DI: So she’s very political, then.
B: Right. I would have thought her work through the UN would have made that common knowledge.
DI: Yeah, but so did Ginger Spice, so that’s hardly a barometer.
B: Touché, though I don’t think that’s particularly fair to Geri.
DI: Geri? No way. You’re not going to confirm or deny that, are you, just leaving it hanging there. I hate you.
B: I know, and I treasure that. But Diana’s worked very extendedly with the UN, particularly on women’s and children’s initiatives. I think it concerns her greatly that outside of the Western world women and children don’t have the same status as men.
I hope Kelley can stay on the project. I think, once some of these early trajectory issues are solved, he could really find her voice. He’s very good at getting to the heart of difficult political issues, asking hard questions without imposing moral truisms. I think he could capture her complexity well.
DI: Let me see, here, there’s also been mention that Kelley’s Wonder Woman will be a CEO, and I think you took issue with that.
B: Diana herself doesn’t run any companies. Not because she couldn’t, but because the entire concept of capitalism is repugnant to her. She comes from a fairly close-knit society, where resources are pooled, a fairly egalitarian structure to it. So the idea of elevating herself in any way over “subordinates” is revolting. And that’s largely what capitalism is- it’s saying that certain people are better at utilizing resources, and so for the benefit of society we should give them greater resources to maximize our collective potential.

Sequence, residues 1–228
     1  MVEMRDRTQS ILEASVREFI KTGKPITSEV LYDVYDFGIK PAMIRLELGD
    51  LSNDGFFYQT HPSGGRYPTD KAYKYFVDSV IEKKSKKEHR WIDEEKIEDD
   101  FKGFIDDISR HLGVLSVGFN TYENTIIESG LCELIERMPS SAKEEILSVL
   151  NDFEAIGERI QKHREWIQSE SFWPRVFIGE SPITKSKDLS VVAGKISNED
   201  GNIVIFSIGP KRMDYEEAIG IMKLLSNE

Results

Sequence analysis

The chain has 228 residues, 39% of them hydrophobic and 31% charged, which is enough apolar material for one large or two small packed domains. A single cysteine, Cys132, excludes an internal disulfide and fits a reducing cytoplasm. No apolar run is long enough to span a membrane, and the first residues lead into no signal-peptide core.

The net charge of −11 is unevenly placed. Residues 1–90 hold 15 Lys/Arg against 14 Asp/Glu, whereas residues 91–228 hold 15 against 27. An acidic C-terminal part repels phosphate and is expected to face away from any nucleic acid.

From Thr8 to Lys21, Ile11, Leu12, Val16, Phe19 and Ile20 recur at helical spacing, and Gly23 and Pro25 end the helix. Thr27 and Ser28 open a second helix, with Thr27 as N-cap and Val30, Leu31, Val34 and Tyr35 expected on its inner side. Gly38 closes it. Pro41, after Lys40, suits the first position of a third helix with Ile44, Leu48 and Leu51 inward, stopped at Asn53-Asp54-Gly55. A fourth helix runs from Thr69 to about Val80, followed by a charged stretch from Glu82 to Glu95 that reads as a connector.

Philosophically she disagrees with that model. It’s an argument I’ve had with her before; capitalism, when it’s used properly, can ensure that the world gets better for everyone. But she takes a very harsh approach to the subject, and usually draws the line at the point where in practice capitalism often uses people as an exhaustible resource, as if they were a lump of coal. I’ve went round and round with her on the subject, because the best way to pull people up out of poverty is capitalism- albeit capitalism that has certain restraints. Regulations that make sure we treat the working class fairly, that make sure we don’t put strains on the environment that ultimately have the greatest impact on the poorest people.